I was speaking at a conference in Maryland a few weeks ago and someone asked me to look into a program known as FlexAware to determine if it is New Age.
It did not take me long to find an answer to this question. While FlexAware is not New Age in itself, it is very much connected to the New Age through its practitioners.
Let me explain.
The inventor of FlexAware is Steven Shafarman, a former yoga instructor who studied philosophy and psychology in college. Shafarman, served as an assistant to Dr. Moshe Feldenrais, an Israeli engineer and neuroscientist, who created the Feldenkrais Method.
The Feldenkrais Method is a somatic exercise system that is based on the premise that body pain and restricted movement aren’t caused by aging but by learned habits and poor use of the body. It employs gentle movement and directed attention to improve movement and “enhance human functioning” as a popular website explains.
Shafarman became a Feldenkrais practitioner and eventually designed an intensive Feldenkrais Method program for a group of long-term chronic pain patients associated with the Santa Barbara County Regional Health Authority.
“The program was evaluated by the American Academy of Pain Management, using pre- and post-program participant questionnaires, plus phone interviews one year later,” his website states. “The Academy’s National Pain Data Bank compared it with chronic pain treatment programs that utilized physical therapy, yoga, acupuncture, biofeedback, and psychological counseling. Steven’s program had significantly better results, at about one-tenth the cost. In the year following the program, participant medical expenses fell by 40 percent.”
Together with David Bearman, M.D., the medical director of the Health Authority, Shafarman published these results in the American Journal of Pain Management – so his work definitely has been peer-reviewed and found to be effective.
At about the same time, Shafarman was writing Awareness Heals, which was published in 1997, and he enrolled in a doctoral program in human development. This led him to look more closely at the way young children learn how to crawl and walk. He noticed how very flexible and strong they were and began to look into how adults may have “forgotten” these abilities.
His aim became the creation of a fitness practice that helps adults “reawaken” or rediscover these childhood abilities and FlexAware was the result.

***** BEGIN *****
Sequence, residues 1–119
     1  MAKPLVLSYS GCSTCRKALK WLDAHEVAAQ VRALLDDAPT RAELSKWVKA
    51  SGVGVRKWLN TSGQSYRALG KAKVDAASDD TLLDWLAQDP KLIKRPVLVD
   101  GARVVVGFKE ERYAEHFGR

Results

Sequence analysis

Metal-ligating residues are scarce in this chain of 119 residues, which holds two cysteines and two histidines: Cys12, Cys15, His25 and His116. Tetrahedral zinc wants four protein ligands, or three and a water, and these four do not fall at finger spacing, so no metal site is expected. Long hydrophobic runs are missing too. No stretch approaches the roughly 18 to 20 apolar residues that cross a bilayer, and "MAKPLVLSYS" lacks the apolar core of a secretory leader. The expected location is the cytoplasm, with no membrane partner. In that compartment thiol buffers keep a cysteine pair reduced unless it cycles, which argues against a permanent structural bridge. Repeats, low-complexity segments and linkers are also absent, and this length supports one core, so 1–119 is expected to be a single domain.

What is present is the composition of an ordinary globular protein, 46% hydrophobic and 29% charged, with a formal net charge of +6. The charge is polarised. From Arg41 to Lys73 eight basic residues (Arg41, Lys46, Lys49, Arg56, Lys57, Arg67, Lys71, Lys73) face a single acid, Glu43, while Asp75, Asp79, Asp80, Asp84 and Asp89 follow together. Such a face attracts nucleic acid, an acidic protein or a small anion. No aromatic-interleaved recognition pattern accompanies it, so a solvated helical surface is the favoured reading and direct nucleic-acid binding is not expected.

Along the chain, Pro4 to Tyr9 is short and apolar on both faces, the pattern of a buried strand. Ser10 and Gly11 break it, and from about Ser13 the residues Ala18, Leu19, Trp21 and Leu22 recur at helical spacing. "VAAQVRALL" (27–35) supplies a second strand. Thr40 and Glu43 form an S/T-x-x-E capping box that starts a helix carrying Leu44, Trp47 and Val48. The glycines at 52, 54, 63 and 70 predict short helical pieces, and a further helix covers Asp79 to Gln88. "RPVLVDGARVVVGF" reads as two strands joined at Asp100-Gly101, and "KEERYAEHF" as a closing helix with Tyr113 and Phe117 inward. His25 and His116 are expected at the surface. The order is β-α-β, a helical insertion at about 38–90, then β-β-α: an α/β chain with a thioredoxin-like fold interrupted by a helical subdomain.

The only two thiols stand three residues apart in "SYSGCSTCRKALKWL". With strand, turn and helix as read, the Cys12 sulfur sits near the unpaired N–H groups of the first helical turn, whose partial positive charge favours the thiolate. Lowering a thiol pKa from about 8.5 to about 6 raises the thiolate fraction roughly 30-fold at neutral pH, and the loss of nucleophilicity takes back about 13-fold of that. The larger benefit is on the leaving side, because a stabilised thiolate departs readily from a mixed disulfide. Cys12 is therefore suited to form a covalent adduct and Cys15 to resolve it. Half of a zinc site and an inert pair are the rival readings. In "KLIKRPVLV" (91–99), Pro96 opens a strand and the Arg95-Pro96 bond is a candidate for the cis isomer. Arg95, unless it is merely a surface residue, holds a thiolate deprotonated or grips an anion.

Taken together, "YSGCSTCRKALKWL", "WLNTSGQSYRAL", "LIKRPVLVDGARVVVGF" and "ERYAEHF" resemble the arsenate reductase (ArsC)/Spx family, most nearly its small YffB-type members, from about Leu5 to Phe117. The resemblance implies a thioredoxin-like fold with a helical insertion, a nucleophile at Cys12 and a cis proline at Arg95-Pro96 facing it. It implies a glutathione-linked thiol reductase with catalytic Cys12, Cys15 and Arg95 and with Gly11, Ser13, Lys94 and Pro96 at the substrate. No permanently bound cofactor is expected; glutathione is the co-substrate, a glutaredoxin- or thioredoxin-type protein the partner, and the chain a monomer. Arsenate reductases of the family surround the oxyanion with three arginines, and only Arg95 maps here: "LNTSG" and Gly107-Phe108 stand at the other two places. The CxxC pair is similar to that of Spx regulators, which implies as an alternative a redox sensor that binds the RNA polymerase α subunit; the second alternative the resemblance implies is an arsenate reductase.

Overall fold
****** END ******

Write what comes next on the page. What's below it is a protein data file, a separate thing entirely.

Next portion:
While Flex Aware and the Feldenkrais Method are not New Age, the problem is that it’s practitioners have a propensity to be involved in other New Age healing modalities.
For instance, in this article “Yoga and the Feldenkrais Method” by Diane Valentine GCFP, she claims that “While informed by science, Moshe Feldenkrais’ work parallels the Eastern path of acknowledging the oneness of mind and body, intention and action.”
Practitioners that have these beliefs are naturally going to include them in their practice. This could be a problem for a Christian if he or she is encouraged to embrace other healing modalities that are based in philosophies that are not compatible with Christianity.
It’s also important to note that the Pontifical document, Jesus Christ, Bearer of the Water of Life, also associates Feldenkrais with the New Age. In Section 2.2.3, we read: “Advertising connected with New Age covers a wide range of practices as acupuncture, biofeedback, chiropractics, kinesiology, homeopathy, iridology, massage and various kinds of ‘bodywork’ (such as orgonomy, Feldenkrais, reflexology, Rolfing, polarity massage, therapeutic touch, etc.), meditation and visualization, nutritional therapies, psychic healing, various kinds of herbal medicine, healing by crystals, metals, music or colors, reincarnation therapies and, finally, twelve-step programs and self-help groups. The source of healing is said to be within ourselves, something we reach when we are in touch with our inner energy or cosmic energy.”
FlexAware is not New Age, but be very careful about choosing the right teacher.
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